Jul 28, 2015

Transparency in Estimates: TMI?

Transparency in Estimates: TMI?

At what point has an estimate crossed the line into “too much information”? (TMI for the younger set.) At what point does transparency cross the line?

The Opposite of Transparency

Estimates sporting little detail can serve a purpose for the shop. Sometimes you’re not sure exactly which parts will be needed, so you want to give a ballpark and hope you keep it close. Or maybe providing too much detail will only raise more questions from the customer. They also can serve to expedite the estimating process so you can get a figure to the customer without pricing every single part.

These are valid reasons, and if you’ve been in business long you’ve experienced each many times.

When Does Transparency Cross the Line?

Obviously, in being more transparent you may not want to share the name of the technician, or the name of your parts vendor. You want to avoid technician poaching and customers calling around on their own for better part pricing.

So where do you draw the line?

Well, erring on the side of transparency can actually be a really good thing.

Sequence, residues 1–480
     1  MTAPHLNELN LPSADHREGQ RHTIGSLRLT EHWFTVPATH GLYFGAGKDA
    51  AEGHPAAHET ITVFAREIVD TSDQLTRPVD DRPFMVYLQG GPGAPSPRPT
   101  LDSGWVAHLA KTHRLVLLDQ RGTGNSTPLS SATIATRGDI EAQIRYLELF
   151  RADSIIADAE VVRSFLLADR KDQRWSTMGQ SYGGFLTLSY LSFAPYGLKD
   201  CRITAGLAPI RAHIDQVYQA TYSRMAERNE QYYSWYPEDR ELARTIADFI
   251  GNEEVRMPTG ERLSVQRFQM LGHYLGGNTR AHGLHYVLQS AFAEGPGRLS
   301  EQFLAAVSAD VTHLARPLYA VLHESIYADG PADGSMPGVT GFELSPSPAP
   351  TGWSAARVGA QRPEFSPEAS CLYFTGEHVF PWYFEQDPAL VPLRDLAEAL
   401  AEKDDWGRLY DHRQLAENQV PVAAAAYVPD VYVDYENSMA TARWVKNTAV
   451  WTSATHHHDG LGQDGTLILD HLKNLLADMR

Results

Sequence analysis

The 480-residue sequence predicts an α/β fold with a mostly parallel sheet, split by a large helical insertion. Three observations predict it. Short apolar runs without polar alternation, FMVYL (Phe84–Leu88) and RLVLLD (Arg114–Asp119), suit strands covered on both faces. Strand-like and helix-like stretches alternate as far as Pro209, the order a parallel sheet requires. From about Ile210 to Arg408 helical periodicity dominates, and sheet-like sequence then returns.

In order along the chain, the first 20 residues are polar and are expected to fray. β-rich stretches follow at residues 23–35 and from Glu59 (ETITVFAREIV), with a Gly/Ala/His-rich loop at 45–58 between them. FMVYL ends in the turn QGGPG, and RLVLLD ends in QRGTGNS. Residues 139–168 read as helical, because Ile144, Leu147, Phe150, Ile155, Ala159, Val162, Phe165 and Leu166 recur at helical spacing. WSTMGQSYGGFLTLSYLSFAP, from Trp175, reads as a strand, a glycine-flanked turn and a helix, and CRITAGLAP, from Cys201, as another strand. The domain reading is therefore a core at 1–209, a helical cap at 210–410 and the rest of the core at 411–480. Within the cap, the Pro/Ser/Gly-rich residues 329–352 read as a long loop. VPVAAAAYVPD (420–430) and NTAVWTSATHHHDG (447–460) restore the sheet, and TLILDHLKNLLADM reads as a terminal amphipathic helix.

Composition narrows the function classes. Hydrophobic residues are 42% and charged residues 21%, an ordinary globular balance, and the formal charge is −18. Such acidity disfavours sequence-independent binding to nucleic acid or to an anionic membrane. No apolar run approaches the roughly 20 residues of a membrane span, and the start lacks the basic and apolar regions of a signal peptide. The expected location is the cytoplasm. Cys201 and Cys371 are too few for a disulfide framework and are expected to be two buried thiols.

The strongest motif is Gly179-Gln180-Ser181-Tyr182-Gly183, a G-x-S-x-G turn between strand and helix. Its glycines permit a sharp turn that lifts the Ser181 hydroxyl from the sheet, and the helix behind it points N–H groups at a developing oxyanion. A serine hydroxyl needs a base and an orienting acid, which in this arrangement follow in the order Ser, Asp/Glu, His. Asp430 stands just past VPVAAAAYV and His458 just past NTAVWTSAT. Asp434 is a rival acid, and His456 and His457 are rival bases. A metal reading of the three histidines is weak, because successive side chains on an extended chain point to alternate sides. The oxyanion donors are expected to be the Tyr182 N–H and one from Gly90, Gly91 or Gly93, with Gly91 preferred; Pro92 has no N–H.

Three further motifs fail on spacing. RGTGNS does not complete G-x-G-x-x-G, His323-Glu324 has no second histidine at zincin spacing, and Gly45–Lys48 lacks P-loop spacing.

As performance coach Cami McLaren explains,

Active revealing is a way to show people you are transparent. How do I know if you are being transparent? One way is when I hear or see you reveal something that is important to you and perhaps embarrassing or that makes you vulnerable. If you are willing to make yourself vulnerable, I am more likely to believe in your willingness to “let it all hang out” and to tell the truth even where it is uncomfortable.

We have found this to be so in our lab. Producing very detailed estimates, which happens beautifully in Fullbay, builds higher trust levels in our customers. There tend to be very few follow-up questions on our estimates because it’s simply all laid out. And where there is trust, there tends to be more speed. Faster authorizations, faster repairs, and customers returning to your shop quickly for any future needs.

Reach out for a demo so we can share our tools, and our experiences with transparency.

Jacob Findlay